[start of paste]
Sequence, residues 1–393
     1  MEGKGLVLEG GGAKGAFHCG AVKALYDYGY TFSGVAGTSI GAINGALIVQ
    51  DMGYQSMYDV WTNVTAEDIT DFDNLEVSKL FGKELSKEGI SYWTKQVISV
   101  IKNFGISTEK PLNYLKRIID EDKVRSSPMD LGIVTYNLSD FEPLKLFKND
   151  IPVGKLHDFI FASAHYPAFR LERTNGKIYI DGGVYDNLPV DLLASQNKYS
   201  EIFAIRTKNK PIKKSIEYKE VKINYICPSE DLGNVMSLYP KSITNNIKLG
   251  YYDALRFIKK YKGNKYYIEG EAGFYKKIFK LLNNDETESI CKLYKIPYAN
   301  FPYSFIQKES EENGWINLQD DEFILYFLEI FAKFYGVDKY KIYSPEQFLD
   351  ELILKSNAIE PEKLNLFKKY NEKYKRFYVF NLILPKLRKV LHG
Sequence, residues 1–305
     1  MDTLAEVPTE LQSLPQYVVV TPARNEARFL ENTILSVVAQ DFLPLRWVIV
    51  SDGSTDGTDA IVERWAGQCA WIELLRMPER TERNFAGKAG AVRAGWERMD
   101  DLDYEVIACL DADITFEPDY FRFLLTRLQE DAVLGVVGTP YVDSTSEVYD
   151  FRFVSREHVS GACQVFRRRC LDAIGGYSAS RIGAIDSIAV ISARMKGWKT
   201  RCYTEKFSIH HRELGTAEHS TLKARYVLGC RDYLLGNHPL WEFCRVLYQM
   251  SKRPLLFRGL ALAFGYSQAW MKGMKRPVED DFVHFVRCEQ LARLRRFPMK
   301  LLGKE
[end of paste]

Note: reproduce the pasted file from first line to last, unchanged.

Sequence, residues 1–393
     1  MEGKGLVLEG GGAKGAFHCG AVKALYDYGY TFSGVAGTSI GAINGALIVQ
    51  DMGYQSMYDV WTNVTAEDIT DFDNLEVSKL FGKELSKEGI SYWTKQVISV
   101  IKNFGISTEK PLNYLKRIID EDKVRSSPMD LGIVTYNLSD FEPLKLFKND
   151  IPVGKLHDFI FASAHYPAFR LERTNGKIYI DGGVYDNLPV DLLASQNKYS
   201  EIFAIRTKNK PIKKSIEYKE VKINYICPSE DLGNVMSLYP KSITNNIKLG
   251  YYDALRFIKK YKGNKYYIEG EAGFYKKIFK LLNNDETESI CKLYKIPYAN
   301  FPYSFIQKES EENGWINLQD DEFILYFLEI FAKFYGVDKY KIYSPEQFLD
   351  ELILKSNAIE PEKLNLFKKY NEKYKRFYVF NLILPKLRKV LHG
Sequence, residues 1–305
     1  MDTLAEVPTE LQSLPQYVVV TPARNEARFL ENTILSVVAQ DFLPLRWVIV
    51  SDGSTDGTDA IVERWAGQCA WIELLRMPER TERNFAGKAG AVRAGWERMD
   101  DLDYEVIACL DADITFEPDY FRFLLTRLQE DAVLGVVGTP YVDSTSEVYD
   151  FRFVSREHVS GACQVFRRRC LDAIGGYSAS RIGAIDSIAV ISARMKGWKT
   201  RCYTEKFSIH HRELGTAEHS TLKARYVLGC RDYLLGNHPL WEFCRVLYQM
   251  SKRPLLFRGL ALAFGYSQAW MKGMKRPVED DFVHFVRCEQ LARLRRFPMK
   301  LLGKE